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Do Drones ever forage? Or is this one just confused?


#1

today in the garden i saw something I don’t recall ever seeing before- a drone on a flower seemingly foraging. I did a quick google and google said drones don’t forage… Is this one just confused as to its gender identity? If I was Cory Bernadi I guess I might be tempted to blame this on the Yes campaign…


#2

Hi Jack, I think it’s only Humans (Homo sapiens) that get confused as to their gender. He might have been grabbing a feed before joining the rest of the mob at the drone congregation area.


#3

So drones feed themselves sometimes? That’s news to me.:grinning:


#4

Hi Jack, I have absolutely no idea:) I was just being silly. A lot of things in nature have us scratching our heads at times.


#5

@JeffH I have a question about drone brood for you: I saw in two hives ugly looking drone brood where the capping looked ‘saggy’ for want of a better description. Instead of the perky bullet shaped capping you normally see. This was on burr comb underneath frames- and on one outermost ugly frame face. At first I was worried it was AFB- so I did the matchstick test- inside were normal healthy looking white partially formed drones. No goo at all. Everything else looks perfect in all my hives- no queen cells, beetles, wax moth or anything else out of order to be seen.

Do you know what I mean by saggy looking capping? Could this be the result of partially chilled drone brood at extremities in the hive?

I’ll take a photo next time I look in on them.


#6

Yes Jack, I was thinking along the lines of what you concluded with as I was reading. It could be the start of chalk brood for those cells. It’s kind of funny with drone larvae, I don’t think the bees look after it as well as they do with worker brood. But then we have to consider that if a lot of recently hatched drones are congregating in that area, it’s difficult for the workers to look after the brood properly with all the young drones in the way.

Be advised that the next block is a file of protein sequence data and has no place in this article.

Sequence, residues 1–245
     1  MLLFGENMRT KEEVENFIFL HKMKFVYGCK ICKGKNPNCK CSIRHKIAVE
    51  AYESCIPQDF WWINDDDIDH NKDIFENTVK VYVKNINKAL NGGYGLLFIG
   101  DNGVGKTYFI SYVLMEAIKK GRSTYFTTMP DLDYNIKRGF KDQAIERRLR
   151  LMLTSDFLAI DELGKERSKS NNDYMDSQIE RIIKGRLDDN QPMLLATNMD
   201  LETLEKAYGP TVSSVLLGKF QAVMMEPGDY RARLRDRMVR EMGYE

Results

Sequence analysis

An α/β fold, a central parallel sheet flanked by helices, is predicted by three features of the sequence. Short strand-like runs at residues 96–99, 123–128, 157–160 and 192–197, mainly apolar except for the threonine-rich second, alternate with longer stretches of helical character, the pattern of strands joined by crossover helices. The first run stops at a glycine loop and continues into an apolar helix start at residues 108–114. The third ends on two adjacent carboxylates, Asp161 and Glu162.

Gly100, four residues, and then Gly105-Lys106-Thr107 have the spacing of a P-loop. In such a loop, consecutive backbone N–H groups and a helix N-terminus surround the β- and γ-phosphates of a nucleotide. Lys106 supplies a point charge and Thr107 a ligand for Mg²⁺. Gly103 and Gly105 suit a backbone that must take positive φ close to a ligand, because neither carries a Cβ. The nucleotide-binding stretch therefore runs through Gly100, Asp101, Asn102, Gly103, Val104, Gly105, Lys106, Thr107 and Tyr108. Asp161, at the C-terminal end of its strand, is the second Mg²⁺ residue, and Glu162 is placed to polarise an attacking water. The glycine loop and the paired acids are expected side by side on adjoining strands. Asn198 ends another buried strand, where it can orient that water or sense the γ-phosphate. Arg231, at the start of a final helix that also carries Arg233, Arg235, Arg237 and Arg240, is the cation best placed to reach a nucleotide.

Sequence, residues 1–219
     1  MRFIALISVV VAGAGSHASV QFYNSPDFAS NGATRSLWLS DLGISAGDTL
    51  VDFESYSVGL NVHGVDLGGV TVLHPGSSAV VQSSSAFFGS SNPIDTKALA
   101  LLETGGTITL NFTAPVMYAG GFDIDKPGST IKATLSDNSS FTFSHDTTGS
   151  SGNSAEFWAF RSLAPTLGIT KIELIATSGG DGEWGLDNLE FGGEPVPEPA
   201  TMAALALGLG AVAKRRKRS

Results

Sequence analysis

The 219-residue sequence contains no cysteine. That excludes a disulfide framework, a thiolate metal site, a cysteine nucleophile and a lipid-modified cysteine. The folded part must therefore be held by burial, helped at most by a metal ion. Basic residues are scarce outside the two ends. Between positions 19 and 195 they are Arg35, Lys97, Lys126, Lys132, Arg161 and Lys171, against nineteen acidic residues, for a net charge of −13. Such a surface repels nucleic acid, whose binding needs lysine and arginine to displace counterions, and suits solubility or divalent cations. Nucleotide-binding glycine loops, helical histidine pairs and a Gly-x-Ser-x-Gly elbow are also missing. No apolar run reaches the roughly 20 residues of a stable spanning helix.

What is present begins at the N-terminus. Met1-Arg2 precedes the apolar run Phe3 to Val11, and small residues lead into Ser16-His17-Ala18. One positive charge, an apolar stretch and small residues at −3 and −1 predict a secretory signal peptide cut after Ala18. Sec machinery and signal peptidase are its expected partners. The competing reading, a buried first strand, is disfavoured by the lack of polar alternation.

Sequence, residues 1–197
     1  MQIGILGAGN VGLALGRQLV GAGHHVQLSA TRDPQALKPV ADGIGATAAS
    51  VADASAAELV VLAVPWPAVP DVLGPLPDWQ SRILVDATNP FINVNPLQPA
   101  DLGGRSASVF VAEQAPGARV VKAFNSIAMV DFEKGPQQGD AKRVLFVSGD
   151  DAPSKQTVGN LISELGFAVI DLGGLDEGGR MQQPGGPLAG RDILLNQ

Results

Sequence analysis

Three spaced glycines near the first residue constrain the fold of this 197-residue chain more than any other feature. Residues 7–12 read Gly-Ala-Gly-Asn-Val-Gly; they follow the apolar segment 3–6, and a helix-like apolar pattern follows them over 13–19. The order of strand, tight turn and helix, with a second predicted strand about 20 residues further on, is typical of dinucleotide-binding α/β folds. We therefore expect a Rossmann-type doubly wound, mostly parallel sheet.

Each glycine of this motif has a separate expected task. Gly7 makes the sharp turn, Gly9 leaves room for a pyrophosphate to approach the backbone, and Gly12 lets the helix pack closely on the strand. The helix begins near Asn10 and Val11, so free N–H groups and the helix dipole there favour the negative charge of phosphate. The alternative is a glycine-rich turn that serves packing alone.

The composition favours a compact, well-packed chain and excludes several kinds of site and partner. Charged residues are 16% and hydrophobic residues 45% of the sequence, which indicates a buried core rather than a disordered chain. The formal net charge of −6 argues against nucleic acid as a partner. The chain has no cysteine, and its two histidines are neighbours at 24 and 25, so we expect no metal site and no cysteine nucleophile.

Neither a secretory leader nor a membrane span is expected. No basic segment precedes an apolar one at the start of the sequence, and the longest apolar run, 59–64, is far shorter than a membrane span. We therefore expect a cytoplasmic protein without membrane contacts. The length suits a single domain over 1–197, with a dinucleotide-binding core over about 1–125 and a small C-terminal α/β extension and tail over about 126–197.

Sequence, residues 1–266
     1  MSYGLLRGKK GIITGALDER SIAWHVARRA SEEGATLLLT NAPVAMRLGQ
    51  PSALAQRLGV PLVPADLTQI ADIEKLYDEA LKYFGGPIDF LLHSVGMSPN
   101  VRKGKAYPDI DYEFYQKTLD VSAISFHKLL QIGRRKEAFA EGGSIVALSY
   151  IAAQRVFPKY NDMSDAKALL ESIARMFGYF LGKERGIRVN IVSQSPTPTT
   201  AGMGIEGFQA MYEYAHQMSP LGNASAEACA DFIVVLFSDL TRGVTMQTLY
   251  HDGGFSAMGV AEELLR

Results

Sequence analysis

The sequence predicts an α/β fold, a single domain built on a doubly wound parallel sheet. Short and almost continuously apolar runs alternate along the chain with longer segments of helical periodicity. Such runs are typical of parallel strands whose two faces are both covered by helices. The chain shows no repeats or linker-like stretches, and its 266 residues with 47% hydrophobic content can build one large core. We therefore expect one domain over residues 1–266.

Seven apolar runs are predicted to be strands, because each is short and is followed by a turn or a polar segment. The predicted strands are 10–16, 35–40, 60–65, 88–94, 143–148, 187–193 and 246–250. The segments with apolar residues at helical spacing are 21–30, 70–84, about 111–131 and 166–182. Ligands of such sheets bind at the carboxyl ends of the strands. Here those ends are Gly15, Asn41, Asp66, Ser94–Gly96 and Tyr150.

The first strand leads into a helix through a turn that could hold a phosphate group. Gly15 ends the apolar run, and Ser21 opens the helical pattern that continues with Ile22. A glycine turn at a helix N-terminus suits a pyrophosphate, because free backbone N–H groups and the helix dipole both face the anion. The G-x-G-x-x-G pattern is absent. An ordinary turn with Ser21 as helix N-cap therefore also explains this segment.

It is interesting to note that according to a video I watched, the workers will assist the drones while they are emerging, while at the same time allow workers to emerge unassisted, for the most part.

I will sometimes find chalk brood in drones, while at the same time find the worker brood relatively clean.

One of my recent musings was to wonder if the raised drone cap was to make it easier for the workers to assist the drones out, & not just for our convenience to easily identify them.


#7

Interesting… chalk brood is a possibility as one of the hives I saw this saggy looking drone brood had chalk brood last season. The 'mummies’ckeared up months ago though- since then its seemed perfect- nice brood pattern and full of bees. I think I’ll remove that ugly comb and put in fresh foundation…


#8

I have read that they can and do, sometimes. Especially if they get caught out overnight (which can happen). The only difference is, they forage for emergency personal use, not for the benefit of the hive.

:blush:


#9

Help myself… help my hive :sunglasses:

The lord looks after those that look after themselves (which seems a bit redundant but there you go- he moves in mysterious ways…).

I watched that drone for a while- he wasn’t just resting he was getting right into the flowers.


#10

Wow. Wonderful. I’ve never seen that. Lucky you.


#11

Drones do and will feed themselves if they need to. Pretty neat though to see one foraging, I have only seen them feed themselves in a hive. Presume that worker bees give them something extra that helps with semen production but have never seen any research on this, just confirmed from observations while inseminating a couple of hundred queens a year.